A spacecraft ran by NASA has recorded an astonishing video of a minor explosion on the Sun’s surface. The close-up—that was recorded by the SDO (Solar Dynamics Observatory) on August 13 during a 2-h episode—demonstrates the flare mounting on the Sun’s edge prior to dropping back into it.
Small explosions can be difficult to notice particularly if they take place toward the Sun’s central part and are expected to be observed if they take place along the edge of the Sun, also called as the limb. The eruption was captured by the SDO in the intense ultraviolet light as the bare eyes cannot see specific wavelengths of sunlight.
The project scientist at Solar Dynamics Observatory, Dean Pesnell, said, “Specific wavelengths either don’t make it through the atmosphere of the Earth or cannot be noticed by our eyes, thus, we can’t use usual optical telescopes to observe the spectrum.”
At its crest, the plasma of the Sun—that is a hot gas ball composed up mainly of helium and hydrogen—increases numerous times the Earth’s diameter at velocities of up to around 540,000 km/h (335,500 mph). SDO was lifted-off in February 2010, with the objective to recognize the influence of the Sun on Earth by examining the solar atmosphere.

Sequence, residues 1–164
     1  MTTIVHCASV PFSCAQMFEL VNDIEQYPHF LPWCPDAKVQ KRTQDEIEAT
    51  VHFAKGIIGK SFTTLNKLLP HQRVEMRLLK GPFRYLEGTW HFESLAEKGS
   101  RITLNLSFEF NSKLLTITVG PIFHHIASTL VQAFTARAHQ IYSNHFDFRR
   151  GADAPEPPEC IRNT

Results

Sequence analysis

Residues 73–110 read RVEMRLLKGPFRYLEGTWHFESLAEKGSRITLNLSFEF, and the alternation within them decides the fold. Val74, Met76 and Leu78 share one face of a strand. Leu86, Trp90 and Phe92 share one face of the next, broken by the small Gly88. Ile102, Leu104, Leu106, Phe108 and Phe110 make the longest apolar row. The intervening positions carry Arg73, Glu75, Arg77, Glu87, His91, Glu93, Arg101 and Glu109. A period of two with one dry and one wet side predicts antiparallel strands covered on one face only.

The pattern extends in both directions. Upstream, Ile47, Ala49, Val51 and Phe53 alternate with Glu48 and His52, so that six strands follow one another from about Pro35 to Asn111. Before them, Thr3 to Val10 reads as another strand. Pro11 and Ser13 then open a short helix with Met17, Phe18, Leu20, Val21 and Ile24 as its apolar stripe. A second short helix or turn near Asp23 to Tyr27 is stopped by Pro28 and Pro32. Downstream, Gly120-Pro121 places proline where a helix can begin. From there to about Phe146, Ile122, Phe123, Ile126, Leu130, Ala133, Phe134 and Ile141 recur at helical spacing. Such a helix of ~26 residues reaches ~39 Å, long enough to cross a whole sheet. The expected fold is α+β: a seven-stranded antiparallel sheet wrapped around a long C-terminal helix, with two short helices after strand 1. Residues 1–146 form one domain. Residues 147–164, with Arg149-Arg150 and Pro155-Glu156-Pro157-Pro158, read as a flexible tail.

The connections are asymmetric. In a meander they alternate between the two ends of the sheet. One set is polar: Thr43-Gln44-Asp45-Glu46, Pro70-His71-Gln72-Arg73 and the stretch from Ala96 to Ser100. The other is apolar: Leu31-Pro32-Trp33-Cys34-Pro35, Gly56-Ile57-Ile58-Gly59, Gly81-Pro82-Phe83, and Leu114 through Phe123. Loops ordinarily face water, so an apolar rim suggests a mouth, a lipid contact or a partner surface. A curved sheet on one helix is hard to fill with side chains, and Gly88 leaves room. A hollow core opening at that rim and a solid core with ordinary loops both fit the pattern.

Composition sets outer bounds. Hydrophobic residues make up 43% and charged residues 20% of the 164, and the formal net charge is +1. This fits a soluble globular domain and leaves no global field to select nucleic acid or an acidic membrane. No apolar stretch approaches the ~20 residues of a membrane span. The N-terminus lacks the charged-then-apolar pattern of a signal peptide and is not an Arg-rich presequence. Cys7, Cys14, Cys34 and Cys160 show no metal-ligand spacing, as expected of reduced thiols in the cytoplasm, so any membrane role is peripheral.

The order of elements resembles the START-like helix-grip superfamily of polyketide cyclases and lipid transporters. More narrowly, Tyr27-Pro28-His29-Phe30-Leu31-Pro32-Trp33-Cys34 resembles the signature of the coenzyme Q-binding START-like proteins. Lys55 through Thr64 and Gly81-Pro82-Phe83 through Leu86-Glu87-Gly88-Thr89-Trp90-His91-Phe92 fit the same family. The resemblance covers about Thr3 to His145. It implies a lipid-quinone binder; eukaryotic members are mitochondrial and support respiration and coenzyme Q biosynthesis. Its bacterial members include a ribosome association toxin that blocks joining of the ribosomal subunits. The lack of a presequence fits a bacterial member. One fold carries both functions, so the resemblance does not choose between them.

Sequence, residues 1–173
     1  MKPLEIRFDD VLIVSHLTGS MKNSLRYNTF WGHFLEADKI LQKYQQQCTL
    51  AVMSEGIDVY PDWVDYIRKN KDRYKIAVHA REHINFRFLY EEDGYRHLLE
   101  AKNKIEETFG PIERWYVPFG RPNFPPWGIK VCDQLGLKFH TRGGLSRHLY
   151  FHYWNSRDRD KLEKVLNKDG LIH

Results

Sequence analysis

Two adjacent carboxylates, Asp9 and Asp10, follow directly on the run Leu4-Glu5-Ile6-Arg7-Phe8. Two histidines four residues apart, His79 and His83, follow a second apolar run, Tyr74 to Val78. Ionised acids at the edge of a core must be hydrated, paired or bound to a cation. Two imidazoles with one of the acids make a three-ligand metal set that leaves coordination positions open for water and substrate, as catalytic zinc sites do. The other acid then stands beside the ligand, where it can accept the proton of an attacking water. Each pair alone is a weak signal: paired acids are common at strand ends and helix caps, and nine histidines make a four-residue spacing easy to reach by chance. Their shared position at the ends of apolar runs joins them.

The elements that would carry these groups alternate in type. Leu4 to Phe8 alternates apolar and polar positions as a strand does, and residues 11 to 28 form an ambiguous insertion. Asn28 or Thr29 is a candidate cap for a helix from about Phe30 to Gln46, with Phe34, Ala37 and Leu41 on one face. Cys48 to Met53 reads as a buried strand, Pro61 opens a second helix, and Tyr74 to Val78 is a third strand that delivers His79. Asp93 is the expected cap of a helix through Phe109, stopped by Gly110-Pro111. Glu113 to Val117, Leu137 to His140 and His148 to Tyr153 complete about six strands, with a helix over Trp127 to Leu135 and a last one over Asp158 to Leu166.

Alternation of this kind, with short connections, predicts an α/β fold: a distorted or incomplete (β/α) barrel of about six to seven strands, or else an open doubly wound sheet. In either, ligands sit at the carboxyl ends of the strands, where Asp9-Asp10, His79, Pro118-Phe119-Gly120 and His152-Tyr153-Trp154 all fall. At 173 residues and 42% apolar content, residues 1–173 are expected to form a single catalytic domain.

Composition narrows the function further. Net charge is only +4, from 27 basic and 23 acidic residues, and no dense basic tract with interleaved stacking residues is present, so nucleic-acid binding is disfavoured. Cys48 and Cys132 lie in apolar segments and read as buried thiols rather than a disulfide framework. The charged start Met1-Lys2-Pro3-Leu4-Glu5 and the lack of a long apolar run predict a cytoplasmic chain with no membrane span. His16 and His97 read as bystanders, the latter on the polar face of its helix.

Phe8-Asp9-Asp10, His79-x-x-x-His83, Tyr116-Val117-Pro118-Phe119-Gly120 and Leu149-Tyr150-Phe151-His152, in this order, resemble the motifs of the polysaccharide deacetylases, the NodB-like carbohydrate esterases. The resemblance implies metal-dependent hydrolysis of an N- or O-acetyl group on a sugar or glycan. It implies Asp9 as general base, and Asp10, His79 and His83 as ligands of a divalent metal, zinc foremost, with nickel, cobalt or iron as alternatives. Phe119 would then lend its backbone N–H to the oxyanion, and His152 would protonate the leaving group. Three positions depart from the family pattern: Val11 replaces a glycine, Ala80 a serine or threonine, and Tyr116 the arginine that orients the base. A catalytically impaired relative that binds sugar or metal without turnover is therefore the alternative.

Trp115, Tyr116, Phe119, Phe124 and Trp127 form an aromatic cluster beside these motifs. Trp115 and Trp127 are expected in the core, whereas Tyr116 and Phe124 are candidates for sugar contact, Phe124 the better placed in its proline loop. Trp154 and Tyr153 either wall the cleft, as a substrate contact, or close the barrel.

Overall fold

By understanding more regarding what takes place on the Sun, the researchers anticipate to envisage when strong solar events like the solar flares—radiation and high energy particles liberated from the Sun—and the coronal mass ejections—that entails a considerable discharge of plasma from the corona of the Sun—may take place.
On the other end, NASA has a competition for everyone. For a potential reward of $1 Million, the organization is inviting the people to propose ideas regarding how to convert CO2, which is abundant on Mars, into glucose that can more useful for consumption by a human.